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PPL Montana Asks Federal Court to Void Montana Public Service Commission Order as Unconstitutional.

ALLENTOWN, Pa., July 10 /PRNewswire/ --

Action by the Montana Public Service Commission that attempts to regulate sales from power plants owned by PPL Montana not only is unconstitutional but also contradicts a previous action by the commission, PPL Montana said in a complaint filed Tuesday (7/10).

(Photo: http://www.newscom.com/cgi-bin/prnh/19981015/PHTH025 )

The company, in the action filed with the U.S. District Court in Helena, asks the federal court to declare the PSC action "preempted, unconstitutional and void." The complaint also asks the court to issue an order "enjoining the PSC from seeking to exercise any authority, control or regulation of wholesale sales from PPL Montana's generating assets."

"While it is unfortunate that it has become necessary to file such a complaint against the Montana PSC, this action should come as no surprise," said Robert J. Grey, senior vice president and general counsel for PPL Corporation (NYSE: PPL), the parent company of PPL Montana. "We have said on numerous occasions that we would vigorously challenge any attempt by state authorities to regulate sales from these power plants, which clearly are under the jurisdiction of a federal agency."

On June 26, the Montana PSC issued an order in which it found that any purchaser of power plants formerly owned by The Montana Power Company must sell electricity to Montana Power under conditions established by the PSC. PPL Montana purchased two coal-fired plants and 11 hydroelectric units from Montana Power in 1999.

Grey said that the Federal Power Act preempts states from exercising regulatory authority over sale of electricity in wholesale markets. In addition, the Federal Energy Regulatory Commission has granted PPL Montana special status to sell solely in the wholesale market.

Grey also pointed out that, in an action taken on May 25, 1999, the Montana PSC approved federal control over PPL Montana's plants as in the public interest. "The commission's recent action inexplicably tries to overturn that previous judgment," said Grey.

In addition to the PSC action being preempted by Supremacy Clause of the U.S. Constitution, Grey said several other constitutional violations arise from the attempted regulation:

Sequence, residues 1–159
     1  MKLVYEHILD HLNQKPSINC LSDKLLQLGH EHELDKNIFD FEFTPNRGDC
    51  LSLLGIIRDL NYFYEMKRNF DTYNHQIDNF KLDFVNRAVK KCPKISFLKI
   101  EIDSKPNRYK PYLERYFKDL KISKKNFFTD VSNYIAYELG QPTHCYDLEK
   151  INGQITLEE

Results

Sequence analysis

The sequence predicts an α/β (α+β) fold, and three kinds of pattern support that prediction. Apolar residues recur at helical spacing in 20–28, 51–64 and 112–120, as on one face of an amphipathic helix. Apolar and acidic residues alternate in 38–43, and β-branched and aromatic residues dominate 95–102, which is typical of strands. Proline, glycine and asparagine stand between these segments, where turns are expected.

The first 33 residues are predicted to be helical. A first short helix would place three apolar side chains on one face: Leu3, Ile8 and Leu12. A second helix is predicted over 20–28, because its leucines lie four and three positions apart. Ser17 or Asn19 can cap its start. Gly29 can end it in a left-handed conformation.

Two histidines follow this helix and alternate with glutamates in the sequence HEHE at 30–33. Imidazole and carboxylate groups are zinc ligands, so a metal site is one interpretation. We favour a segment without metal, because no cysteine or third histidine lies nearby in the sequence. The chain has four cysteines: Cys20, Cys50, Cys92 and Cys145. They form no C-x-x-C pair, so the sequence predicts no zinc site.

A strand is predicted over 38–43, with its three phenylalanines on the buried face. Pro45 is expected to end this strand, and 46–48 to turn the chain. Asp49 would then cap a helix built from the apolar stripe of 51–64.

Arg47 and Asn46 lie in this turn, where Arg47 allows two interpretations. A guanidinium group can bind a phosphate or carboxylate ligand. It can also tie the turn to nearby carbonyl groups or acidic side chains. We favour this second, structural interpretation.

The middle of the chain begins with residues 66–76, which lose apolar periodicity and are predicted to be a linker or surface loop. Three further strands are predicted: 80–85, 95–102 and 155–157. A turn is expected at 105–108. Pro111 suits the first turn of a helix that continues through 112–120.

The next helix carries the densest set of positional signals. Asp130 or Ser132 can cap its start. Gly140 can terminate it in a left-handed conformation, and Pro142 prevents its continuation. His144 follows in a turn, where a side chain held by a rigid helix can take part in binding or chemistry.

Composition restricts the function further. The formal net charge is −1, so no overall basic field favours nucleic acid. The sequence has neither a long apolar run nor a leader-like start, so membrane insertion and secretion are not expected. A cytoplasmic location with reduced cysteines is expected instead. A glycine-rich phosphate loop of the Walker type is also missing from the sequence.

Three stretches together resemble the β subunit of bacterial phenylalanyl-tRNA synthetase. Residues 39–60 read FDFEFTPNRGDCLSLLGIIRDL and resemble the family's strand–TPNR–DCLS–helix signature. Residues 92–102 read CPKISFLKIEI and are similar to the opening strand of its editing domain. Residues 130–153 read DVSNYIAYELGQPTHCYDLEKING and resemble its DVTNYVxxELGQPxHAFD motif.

-- The PSC's efforts to regulate wholesale electricity sales and the

transmission of electricity interfere with interstate commerce in

violation of the Commerce Clause of the constitution.

-- The PSC order would require PPL Montana to sell electricity to Montana

Power in quantities and prices that are contrary to an existing power

purchase agreement between the two companies, violating the Contracts

Clause of the constitution.

-- The PSC order imposes arbitrary, capricious and discriminatory

requirements on PPL Montana in violation of the Due Process Clause of

the constitution.

-- The PSC order would require PPL Montana to sell electricity at below

market prices, resulting in a taking of PPL property without just

compensation, a violation of the Fifth Amendment of the constitution.

-- The PSC order denies PPL Montana equal protection, violating the Equal

Protection Clause of the Fourteenth Amendment to the constitution.

"PPL understands the energy challenges facing the state of Montana and we have taken meaningful actions to help mitigate these challenges," said Grey. "We are very disappointed that the Montana PSC is persisting in a misguided and unconstitutional attempt to regulate sales from our power plants. This PSC action only will serve to distract attention from productive efforts -- of which we have been a part -- to provide adequate energy supplies for the state's residents and businesses."

Following through on its commitment to be a part of the solution to Montana's electricity supply concerns, PPL has offered to supply Montana Power with 500 megawatts of power produced by PPL's plants at 4 cents per kilowatt- hour for five years.

When PPL Montana purchased its Montana plants, it agreed to supply Montana Power with electricity, at less than 2.5 cents per kilowatt-hour. It is continuing to supply Montana Power with electricity under this agreement through June 30, 2002.

In addition, PPL Montana has voluntarily provided 20 megawatts of below- market-priced electricity to a power pool that the state has established for industrial customers. PPL is the only company providing electricity to that pool.

PPL EnergyPlus, another subsidiary of PPL Corporation, also has been making competitive energy supply offers to industrial customers in Montana. PPL EnergyPlus recently signed a six-year contract with Advanced Silicon Materials LLC, a leading polysilicon producer for the semiconductor industry that is one of Montana's largest industrial operations and a major employer in the state.

PPL Montana and PPL EnergyPlus, both subsidiaries of PPL Corporation, have offices in Butte, Billings and Helena and together employ more than 500 people in Montana. PPL Montana operates the Colstrip and Corette generating plants and 11 hydroelectric facilities within the state.

PPL Corp., headquartered in Allentown, Pa., generates electricity at power plants in key U.S. markets; markets wholesale or retail energy in 42 U.S. states and Canada; and delivers electricity to nearly 6 million customers in Pennsylvania, in the United Kingdom and in Latin America.

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Publication:PR Newswire
Geographic Code:1USA
Date:Jul 10, 2001
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